- The President cannot send the military and/or federal law enforcement to monitor the polls. An array of federal statutes bar federal employees, law enforcement, and the military from using their official power to interfere with an election, and specifically prohibit the military or other armed federal officers from being present at polling places, except to “repel armed enemies of the United States.” Violators can face fines and imprisonment. Federal law also prohibits federal and state administrative employees from interfering with, or affecting, a presidential or congressional election that has been financed in whole or in part by the federal government.
- The President cannot order state and local law enforcement officials to monitor the polls. The President’s authority does not extend to state and local law enforcement. State and local administrative employees also face criminal sanctions if they interfere with a presidential or congressional election where the state is in receipt of federal funds used in connection with administering the election. Violations are punishable by fines or imprisonment.
- There are permissible forms of election observation and monitoring. Massachusetts law provides that elections must be conducted in a manner that is open to public observation. Poll observers are allowed inside the polling place, unless they are disorderly or obstruct the access of voters. The Voting Rights Act permits federal observers to monitor voting conditions in certain eligible jurisdictions to ensure the right to vote is protected. Poll watchers may observe polling place operations but under no circumstances can they intimidate, threaten, coerce or otherwise interfere with a voter’s right to cast a ballot.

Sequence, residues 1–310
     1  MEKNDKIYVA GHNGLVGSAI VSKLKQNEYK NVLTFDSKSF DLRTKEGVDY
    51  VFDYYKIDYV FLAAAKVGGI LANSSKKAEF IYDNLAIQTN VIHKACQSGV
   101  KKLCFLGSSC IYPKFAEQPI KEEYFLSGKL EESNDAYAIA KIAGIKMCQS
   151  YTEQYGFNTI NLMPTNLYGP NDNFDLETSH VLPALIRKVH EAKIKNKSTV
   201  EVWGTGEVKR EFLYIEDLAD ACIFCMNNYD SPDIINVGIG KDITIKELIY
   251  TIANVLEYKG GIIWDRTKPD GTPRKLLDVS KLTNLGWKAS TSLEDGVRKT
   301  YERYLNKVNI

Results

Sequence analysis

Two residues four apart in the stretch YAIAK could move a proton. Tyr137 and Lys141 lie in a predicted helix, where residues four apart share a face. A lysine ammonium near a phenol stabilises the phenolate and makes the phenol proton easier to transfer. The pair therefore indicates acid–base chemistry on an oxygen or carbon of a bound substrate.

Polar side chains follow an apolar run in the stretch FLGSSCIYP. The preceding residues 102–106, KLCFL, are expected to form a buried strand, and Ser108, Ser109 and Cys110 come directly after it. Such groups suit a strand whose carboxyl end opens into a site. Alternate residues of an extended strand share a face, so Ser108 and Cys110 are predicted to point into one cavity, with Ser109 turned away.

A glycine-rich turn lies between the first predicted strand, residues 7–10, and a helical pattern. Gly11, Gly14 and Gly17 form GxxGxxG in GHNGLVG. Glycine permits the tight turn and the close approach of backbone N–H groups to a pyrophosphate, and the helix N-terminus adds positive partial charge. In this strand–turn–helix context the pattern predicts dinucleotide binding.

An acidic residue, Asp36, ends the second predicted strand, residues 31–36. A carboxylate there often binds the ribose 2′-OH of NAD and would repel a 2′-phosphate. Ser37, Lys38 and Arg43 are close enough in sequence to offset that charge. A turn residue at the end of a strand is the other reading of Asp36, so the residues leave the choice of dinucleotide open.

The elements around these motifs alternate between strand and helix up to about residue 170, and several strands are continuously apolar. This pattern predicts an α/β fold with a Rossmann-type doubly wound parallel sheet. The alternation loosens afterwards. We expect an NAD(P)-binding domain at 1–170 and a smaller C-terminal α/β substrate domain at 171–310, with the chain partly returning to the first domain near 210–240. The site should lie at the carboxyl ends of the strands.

- The law prohibits private citizens from intimidating voters at the polls. A number of federal and state laws prohibit private actors from engaging in voter intimidation. These laws serve to protect against intimidation, threats and coercion when citizens are casting votes for the candidate of their choice. A non-exclusive list of conduct that may constitute impermissible voter intimidation where directed at interfering with a citizen’s right to vote includes: verbal or physical confrontations, a request for documentation where none is required, following or otherwise harassing a voter, using threatening language, challenging a voter for the purpose of intimidation, or otherwise acting in an intimidating manner.
If someone interferes with your right to vote through threats, intimidation, or coercion, or you become aware of any interference with the right of Massachusetts citizens to vote, please contact the Civil Rights Division of the Massachusetts Attorney General’s Office at 617-963-2917. If you need immediate assistance, dial 911 or contact your local police department.
Information regarding voter registration and voting procedures in Massachusetts can be found on the Secretary of the Commonwealth’s Elections Division website at: www.sec.state.ma.us/ele.
AG Healey has made voter protection and election integrity a priority of her office. Last week, she joined a coalition of attorneys general in filing for a preliminary injunction in a lawsuit seeking an immediate halt to illegal changes to the United States Postal Service (USPS) that interfere with postal workers’ ability to effectively deliver the mail. In their lawsuit, the attorneys general assert that in some parts of the country, USPS’s actions from July 2020 have led to significant delays, harmed veterans, seniors and rural communities, and could disrupt the November election without court intervention.